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The role of BRCA1-IRIS in the development and progression of triple negative breast cancers in Egypt: possible link to disease early lesion

Overview of attention for article published in BMC Cancer, May 2017
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Title
The role of BRCA1-IRIS in the development and progression of triple negative breast cancers in Egypt: possible link to disease early lesion
Published in
BMC Cancer, May 2017
DOI 10.1186/s12885-017-3283-8
Pubmed ID
Authors

Danielle Bogan, Lucio Meile, Ahmed El Bastawisy, Hend F. Yousef, Abdel-Rahman N. Zekri, Abeer A. Bahnassy, Wael M. ElShamy

Abstract

Breast cancer is the most globally diagnosed female cancer, with the triple negative breast cancer (TNBC) being the most aggressive subtype of the disease. In this study we aimed at comparing the effect of BRCA1-IRIS overexpression on the clinico-pathological characteristics in breast cancer patients with TNBC or non-TNBC in the largest comprehensive cancer center in Egypt. To reach this goal, we conducted an observational study at the National Cancer Institute (NCI), Cairo University (Cairo, Egypt). The data on all diagnosed breast cancer patients, between 2009 and 2012, were reviewed. BRCA1-IRIS expression measured using real time RT/PCR in these patients' tumor samples was correlated to tumor characteristics, such as to clinico-pathological features, therapeutic responses, and survival outcomes. 96 patients were enrolled and of these 45% were TNBC, and 55% were of other subtypes (hereafter, non-TNBC). All patients presented with invasive ductal carcinomas. No significant difference was observed for risk factors, such as age and menopausal status between the TNBC and the non-TNBC groups except after BRCA1-IRIS expression was factored in. The majority of the tumors in both groups were ≤5 cm at surgery (p = 0.013). However, in the TNBC group, ≤5 cm tumors were BRCA1-IRIS-overexpressing, whereas in the non-TNBC group they were BRCA1-IRIS-negative (p = 0.00007). Most of the TNBC patients diagnosed with grade 1 or 2 were BRCA1-IRIS-overexpressing, whereas non-TNBCs were IRIS-negative (p = 0.00035). No statistical significance was measured in patients diagnosed with grade 3 tumors. Statistically significant difference between TNBCs and non-TNBCs and tumor stage with regard to BRCA1-IRIS-overexpression was observed. Presence of axillary lymph node metastases was positively associated with BRCA1-IRIS overexpression in TNBC group, and with BRCA1-IRIS-negative status in the non-TNBC group (p = 0.00009). Relapse after chemotherapy (p < 0.00001), and local recurrence/distant metastasis after surgery (p = 0.0028) were more pronounced in TNBC patients with BRCA1-IRIS-overexpressing tumors compared to non-TNBC patients. Finally, decreased disease-free survival in TNBC/BRCA1-IRIS-overexpressing patients compared to TNBC/BRCA1-IRIS-negative patients, and decreased overall survival in TNBC as well as non-TNBC patients was driven by BRCA1-IRIS overexpression. TNBC/BRCA1-IRIS-overexpressing tumors are more aggressive than TNBC/BRCA1-IRIS-negative or non-TNBC/BRCA1-IRIS-overexpressing or both negative tumors. Further studies are warranted to define whether BRCA1-IRIS drives the early TNBC lesions growth and dissemination and whether it could be used as a diagnostic biomarker and/or therapeutic target for these lesions at an early stage setting.

Twitter Demographics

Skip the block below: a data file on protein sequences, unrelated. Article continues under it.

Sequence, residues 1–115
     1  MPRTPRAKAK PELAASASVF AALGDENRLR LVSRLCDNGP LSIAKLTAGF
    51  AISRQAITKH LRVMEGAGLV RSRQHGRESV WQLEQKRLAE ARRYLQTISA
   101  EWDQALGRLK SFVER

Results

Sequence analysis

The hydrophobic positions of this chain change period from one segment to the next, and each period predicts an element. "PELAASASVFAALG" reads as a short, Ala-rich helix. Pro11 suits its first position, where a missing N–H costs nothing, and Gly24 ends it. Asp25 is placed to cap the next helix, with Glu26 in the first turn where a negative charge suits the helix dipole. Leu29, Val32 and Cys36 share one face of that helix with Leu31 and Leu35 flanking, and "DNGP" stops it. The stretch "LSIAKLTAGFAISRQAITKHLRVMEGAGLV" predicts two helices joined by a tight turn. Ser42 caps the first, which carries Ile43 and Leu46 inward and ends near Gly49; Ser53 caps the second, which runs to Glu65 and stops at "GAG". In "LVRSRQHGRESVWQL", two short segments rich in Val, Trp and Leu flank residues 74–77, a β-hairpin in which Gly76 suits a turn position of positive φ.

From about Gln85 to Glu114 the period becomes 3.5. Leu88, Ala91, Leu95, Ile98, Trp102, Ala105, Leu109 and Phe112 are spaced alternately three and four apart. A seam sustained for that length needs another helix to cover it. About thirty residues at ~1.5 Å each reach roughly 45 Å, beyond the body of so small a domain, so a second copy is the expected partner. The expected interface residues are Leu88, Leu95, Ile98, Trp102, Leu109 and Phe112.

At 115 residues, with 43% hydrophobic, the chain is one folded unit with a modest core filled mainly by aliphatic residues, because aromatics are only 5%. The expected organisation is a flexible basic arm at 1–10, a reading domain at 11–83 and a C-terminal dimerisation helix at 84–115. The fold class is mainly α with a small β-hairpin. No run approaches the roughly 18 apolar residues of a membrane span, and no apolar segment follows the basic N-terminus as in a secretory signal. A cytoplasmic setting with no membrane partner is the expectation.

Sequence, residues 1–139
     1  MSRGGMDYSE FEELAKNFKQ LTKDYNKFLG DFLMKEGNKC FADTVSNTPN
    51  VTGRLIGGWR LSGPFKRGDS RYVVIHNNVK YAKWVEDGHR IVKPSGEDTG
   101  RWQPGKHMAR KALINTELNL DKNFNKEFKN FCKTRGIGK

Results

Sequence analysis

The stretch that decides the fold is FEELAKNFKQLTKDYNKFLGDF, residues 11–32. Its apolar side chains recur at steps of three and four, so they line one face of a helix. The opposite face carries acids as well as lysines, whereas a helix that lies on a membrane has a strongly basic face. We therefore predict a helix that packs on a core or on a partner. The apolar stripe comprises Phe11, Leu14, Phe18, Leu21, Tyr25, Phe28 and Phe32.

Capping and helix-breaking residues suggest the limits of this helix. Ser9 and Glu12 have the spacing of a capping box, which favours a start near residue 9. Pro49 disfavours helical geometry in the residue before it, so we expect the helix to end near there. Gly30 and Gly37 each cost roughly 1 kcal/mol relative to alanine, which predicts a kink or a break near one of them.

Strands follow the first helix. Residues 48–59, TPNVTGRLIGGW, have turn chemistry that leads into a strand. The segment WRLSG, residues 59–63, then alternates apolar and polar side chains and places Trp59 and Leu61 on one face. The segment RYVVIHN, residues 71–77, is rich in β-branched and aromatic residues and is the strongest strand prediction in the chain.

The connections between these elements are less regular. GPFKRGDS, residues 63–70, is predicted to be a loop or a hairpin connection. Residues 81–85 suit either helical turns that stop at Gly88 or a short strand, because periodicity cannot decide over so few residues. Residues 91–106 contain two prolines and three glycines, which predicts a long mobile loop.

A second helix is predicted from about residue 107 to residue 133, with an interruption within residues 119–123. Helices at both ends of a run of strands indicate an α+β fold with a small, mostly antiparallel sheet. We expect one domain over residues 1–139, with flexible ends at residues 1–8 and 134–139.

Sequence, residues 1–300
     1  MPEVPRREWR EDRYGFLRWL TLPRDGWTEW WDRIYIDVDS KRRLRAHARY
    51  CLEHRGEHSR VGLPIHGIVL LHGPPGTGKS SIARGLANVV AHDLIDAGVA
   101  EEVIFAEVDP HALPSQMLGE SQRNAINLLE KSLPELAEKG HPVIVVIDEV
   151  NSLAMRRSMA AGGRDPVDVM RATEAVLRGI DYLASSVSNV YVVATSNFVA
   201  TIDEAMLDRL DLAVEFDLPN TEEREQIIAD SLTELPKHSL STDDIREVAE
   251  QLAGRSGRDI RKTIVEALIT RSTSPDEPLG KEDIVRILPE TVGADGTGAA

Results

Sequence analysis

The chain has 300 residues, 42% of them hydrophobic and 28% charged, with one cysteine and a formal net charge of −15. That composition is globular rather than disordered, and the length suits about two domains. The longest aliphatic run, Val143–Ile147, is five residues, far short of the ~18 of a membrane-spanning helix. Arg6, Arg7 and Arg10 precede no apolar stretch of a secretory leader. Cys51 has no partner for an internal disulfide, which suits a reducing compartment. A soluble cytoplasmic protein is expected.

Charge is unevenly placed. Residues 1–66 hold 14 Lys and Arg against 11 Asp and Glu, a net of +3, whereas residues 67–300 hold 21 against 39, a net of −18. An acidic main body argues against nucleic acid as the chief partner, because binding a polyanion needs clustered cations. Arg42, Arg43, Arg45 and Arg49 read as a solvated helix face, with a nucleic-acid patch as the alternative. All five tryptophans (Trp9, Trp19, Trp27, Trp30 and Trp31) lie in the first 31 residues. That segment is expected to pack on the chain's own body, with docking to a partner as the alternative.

The data shown below were collected from the profiles of 2 tweeters who shared this research output. Click here to find out more about how the information was compiled.

Mendeley readers

The data shown below were compiled from readership statistics for 40 Mendeley readers of this research output. Click here to see the associated Mendeley record.

Geographical breakdown

Country Count As %
Unknown 40 100%

Demographic breakdown

Readers by professional status Count As %
Student > Master 7 18%
Student > Bachelor 5 13%
Researcher 4 10%
Student > Ph. D. Student 4 10%
Other 3 8%
Other 7 18%
Unknown 10 25%
Readers by discipline Count As %
Medicine and Dentistry 12 30%
Biochemistry, Genetics and Molecular Biology 5 13%
Nursing and Health Professions 4 10%
Pharmacology, Toxicology and Pharmaceutical Science 3 8%
Agricultural and Biological Sciences 1 3%
Other 2 5%
Unknown 13 33%

Attention Score in Context

This research output has an Altmetric Attention Score of 1. This is our high-level measure of the quality and quantity of online attention that it has received. This Attention Score, as well as the ranking and number of research outputs shown below, was calculated when the research output was last mentioned on 14 May 2017.
All research outputs
#7,786,352
of 10,033,718 outputs
Outputs from BMC Cancer
#2,716
of 4,109 outputs
Outputs of similar age
#188,470
of 264,107 outputs
Outputs of similar age from BMC Cancer
#46
of 66 outputs
Altmetric has tracked 10,033,718 research outputs across all sources so far. This one is in the 12th percentile – i.e., 12% of other outputs scored the same or lower than it.
So far Altmetric has tracked 4,109 research outputs from this source. They receive a mean Attention Score of 3.9. This one is in the 18th percentile – i.e., 18% of its peers scored the same or lower than it.
Older research outputs will score higher simply because they've had more time to accumulate mentions. To account for age we can compare this Altmetric Attention Score to the 264,107 tracked outputs that were published within six weeks on either side of this one in any source. This one is in the 16th percentile – i.e., 16% of its contemporaries scored the same or lower than it.
We're also able to compare this research output to 66 others from the same source and published within six weeks on either side of this one. This one is in the 21st percentile – i.e., 21% of its contemporaries scored the same or lower than it.